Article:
'Fire Emblem' is Having One Hell of a Year

And might be for years to come.


When Fire Emblem Awakening released in 2012, there was talk at the time that developer Intelligent Systems wouldn’t get another chance at the franchise if it didn’t do exceedingly well. Thankfully, it did well, and Fire Emblem Fates (Conquest, Birthright, and the connective tissue between the two that is Revelation) came out not too long after. And now there’s Fire Emblem Heroes and yet more coming. In a very real way, 2017 is the year of Fire Emblem.

In case you were living under a rock when the company announced them in January during a Nintendo Direct, here’s every Fire Emblem we know about in 2017: Fire Emblem Heroes, the mobile game, has already released; Fire Emblem Echoes: Shadows of Valentia is set to release for Nintendo 3DS on May 19; and Fire Emblem Warriors is coming this fall. There’s also a Fire Emblem being developed for the Nintendo Switch, of course, but that’s tentatively set for 2018. That’s a whole lot of Fire Emblem.

The whole premise of 'Fire Emblem Heroes' is based on summoning heroes of old.


And while Fire Emblem Heroes will likely stand out the most from the pack due to being the second real mobile game that Nintendo’s put out, it’s honestly the Fire Emblem Gaiden remake that is Fire Emblem Echoes: Shadows of Valentia that most stands out to me. First and foremost, the game is getting its own set of amiibo. Usually, that indicates a fairly strong commitment from Nintendo. On top of that, the Echoes format is exceedingly telling for how things might go over the next couple years.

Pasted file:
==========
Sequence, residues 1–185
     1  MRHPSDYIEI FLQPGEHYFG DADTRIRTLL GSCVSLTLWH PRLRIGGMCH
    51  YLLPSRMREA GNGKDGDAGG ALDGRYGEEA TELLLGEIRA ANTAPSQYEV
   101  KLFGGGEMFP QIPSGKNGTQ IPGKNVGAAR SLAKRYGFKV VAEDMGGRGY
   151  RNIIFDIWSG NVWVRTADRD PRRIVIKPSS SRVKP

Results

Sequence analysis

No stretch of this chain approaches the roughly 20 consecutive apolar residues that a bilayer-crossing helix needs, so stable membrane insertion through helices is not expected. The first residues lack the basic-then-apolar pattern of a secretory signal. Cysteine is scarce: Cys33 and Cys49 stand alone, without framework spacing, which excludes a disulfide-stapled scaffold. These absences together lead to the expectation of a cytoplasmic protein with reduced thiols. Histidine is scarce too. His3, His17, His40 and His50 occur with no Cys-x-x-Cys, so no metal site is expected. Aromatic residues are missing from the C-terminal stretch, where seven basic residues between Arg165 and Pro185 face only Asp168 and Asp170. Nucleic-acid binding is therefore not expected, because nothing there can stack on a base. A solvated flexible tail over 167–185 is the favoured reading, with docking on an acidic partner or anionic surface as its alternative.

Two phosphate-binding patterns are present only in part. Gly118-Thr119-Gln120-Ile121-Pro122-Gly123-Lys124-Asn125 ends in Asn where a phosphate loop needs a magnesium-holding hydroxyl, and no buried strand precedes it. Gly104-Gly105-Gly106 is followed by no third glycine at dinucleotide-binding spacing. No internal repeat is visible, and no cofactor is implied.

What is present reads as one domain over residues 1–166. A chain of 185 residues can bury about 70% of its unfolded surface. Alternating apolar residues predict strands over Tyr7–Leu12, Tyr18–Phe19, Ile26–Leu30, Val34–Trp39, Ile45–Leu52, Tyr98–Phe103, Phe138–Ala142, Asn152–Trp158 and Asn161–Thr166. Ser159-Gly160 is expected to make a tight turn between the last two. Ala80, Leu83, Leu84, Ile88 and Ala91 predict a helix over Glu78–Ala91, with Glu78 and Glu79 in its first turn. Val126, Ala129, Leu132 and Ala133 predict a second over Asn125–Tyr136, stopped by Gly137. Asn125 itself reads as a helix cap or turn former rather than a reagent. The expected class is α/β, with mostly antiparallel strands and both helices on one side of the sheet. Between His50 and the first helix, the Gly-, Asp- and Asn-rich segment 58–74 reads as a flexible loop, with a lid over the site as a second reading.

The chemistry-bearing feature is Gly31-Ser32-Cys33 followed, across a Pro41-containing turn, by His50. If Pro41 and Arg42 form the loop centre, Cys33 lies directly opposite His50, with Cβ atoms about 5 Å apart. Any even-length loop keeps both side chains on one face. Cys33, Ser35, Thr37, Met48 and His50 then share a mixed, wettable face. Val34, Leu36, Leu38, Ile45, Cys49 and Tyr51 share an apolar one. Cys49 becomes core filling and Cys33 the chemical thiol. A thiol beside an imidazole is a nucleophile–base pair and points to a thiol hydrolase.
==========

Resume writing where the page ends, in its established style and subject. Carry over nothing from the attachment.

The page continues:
Assuming Shadows of Valentia does anywhere near respectable, it’s fair to expect more and more remakes to come out of the studio. There’s a fair amount of past Fire Emblem games to mine for new versions. There’s no reason at all that previous titles for, say, the GameCube or Wii couldn’t return in newer, better versions. It’d be hard to resist a Nintendo 3DS version of Path of Radiance, for example.

It’s not too farfetched an idea. After all, both Sony and Nintendo have done this kind of thing before, and Nintendo itself regularly brings back older Zelda titles to new platforms like they did for the Wii U with both Wind Waker and Twilight Princess. When it comes down to it, 2017 might be the year of Fire Emblem, but so might 2018, 2019, and 2020 — it could very well stand to be the many years of Fire Emblem.

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